Much Ado about Nothing | Performing Arts Review | Chicago Reader

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Much Ado about Nothing

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Much Ado about nothing, Griffin Theatre Company. There's plenty of disaster potential in a staging that sets Shakespeare's witty romantic comedy in 1945 Italy, overlaying 16th-century repartee with Neapolitan tunes and World War II references ("Is he valiant?" "As Patton, sir!"). But director Richard Barletta has thought through the details to create a universe of near-seamless consistency: Benedick and Claudio are American soldiers stationed in Sicily following the defeat of Mussolini. Signorinas Beatrice and Hero are the daughters of village padrones. And the troublemaking brother of Don Pedro--now Captain Peter--is motivated to villainy after being slighted (or so he claims) for recognition of his wartime valor.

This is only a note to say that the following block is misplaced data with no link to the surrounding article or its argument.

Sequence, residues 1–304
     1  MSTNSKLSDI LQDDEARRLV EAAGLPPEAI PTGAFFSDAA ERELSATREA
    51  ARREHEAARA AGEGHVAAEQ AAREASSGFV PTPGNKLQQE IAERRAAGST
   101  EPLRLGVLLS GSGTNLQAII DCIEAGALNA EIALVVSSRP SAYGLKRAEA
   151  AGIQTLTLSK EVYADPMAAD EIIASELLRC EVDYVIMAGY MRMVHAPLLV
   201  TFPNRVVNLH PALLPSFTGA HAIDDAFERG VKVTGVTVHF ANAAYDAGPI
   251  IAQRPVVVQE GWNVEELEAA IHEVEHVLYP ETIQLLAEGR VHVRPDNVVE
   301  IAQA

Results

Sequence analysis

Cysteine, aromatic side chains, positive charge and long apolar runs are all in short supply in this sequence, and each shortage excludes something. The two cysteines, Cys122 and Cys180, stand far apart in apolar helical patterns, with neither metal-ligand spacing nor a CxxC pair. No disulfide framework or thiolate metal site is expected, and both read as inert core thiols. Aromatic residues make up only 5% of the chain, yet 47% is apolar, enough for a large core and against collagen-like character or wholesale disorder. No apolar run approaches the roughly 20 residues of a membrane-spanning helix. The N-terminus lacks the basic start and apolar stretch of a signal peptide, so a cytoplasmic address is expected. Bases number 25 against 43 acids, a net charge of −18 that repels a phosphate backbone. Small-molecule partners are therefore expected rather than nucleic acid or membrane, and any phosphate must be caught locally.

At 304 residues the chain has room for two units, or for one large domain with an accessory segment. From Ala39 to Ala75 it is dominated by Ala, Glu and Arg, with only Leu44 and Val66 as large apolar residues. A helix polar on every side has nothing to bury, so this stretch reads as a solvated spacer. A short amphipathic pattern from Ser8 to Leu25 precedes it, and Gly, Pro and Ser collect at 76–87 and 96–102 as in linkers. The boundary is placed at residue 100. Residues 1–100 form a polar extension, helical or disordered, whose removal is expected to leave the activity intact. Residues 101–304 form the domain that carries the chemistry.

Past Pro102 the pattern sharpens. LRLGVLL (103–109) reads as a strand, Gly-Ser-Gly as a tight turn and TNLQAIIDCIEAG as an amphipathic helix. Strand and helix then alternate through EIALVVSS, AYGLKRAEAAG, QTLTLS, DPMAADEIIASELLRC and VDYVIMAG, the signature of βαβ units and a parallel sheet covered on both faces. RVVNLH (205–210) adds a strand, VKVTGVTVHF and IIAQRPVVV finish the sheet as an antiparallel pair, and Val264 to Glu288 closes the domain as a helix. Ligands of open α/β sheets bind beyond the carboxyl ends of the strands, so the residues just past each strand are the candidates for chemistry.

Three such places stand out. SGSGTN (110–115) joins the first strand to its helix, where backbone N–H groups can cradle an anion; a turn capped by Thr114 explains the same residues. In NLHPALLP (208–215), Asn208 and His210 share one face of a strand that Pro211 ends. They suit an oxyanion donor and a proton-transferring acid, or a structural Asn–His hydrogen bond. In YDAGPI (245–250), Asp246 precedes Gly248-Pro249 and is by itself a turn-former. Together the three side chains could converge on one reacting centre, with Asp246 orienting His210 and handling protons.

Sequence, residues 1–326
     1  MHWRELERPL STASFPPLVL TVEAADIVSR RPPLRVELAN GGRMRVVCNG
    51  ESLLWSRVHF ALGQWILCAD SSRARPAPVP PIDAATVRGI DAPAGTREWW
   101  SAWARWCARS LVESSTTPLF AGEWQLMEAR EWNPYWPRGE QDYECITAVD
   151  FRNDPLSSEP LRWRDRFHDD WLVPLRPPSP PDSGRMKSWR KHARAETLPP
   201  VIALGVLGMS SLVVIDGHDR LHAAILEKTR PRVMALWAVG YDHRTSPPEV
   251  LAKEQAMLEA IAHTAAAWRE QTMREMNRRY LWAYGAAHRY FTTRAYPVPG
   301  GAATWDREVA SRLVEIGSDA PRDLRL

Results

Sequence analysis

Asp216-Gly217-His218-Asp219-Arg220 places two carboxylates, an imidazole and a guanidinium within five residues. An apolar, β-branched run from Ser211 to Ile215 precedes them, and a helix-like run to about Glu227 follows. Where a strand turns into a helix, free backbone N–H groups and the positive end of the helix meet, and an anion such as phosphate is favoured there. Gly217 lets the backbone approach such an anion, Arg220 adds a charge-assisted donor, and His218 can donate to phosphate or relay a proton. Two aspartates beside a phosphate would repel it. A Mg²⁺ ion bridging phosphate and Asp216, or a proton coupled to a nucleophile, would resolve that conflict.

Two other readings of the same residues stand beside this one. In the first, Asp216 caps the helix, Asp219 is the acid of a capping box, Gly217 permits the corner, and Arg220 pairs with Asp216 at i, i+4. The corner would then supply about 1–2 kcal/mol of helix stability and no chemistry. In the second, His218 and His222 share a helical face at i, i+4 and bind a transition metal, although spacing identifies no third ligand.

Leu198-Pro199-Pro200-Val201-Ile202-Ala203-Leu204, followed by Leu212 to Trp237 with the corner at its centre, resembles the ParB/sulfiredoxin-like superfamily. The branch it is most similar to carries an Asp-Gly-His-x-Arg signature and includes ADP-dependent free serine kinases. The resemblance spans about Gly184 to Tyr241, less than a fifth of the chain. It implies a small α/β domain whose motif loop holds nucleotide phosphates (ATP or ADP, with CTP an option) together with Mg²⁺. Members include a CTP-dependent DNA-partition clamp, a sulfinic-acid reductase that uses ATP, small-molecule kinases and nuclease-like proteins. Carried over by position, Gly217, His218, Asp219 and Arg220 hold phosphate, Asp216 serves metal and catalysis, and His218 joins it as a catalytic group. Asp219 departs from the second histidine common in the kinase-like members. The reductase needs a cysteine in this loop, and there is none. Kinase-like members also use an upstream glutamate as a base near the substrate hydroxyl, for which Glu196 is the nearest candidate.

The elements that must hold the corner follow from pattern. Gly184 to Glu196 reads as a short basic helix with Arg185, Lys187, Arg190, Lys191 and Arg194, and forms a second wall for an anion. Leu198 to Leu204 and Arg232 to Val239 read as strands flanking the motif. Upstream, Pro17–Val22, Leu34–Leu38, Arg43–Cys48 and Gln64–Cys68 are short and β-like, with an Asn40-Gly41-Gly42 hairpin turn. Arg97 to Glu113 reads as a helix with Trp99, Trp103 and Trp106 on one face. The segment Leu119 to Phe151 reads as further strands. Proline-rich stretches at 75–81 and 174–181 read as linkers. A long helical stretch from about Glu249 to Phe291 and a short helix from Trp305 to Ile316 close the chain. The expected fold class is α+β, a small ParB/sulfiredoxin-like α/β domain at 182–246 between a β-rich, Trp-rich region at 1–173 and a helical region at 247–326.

Concept alone cannot make a production, of course, but Griffin Theatre comes through with a cast of hardworking actors, meticulous interpretation of the text, broad but never cartoonish accents, and enough lively shenanigans (particularly in the scenes set around the well, which practically becomes a character in itself) to soften the inevitable rough spots in the analogy. Bradley Woodard and Chiara Mangianmeli are a charming pair of lovers-in-spite-of-themselves, and Bob Kaercher is a suitably avuncular Captain Peter, but Rick Almada's godfatherly Dogberry and Michael Hagedorn's endearingly good-natured Leonato walk away with the honors in this charming and innovative production.

--Mary Shen Barnidge

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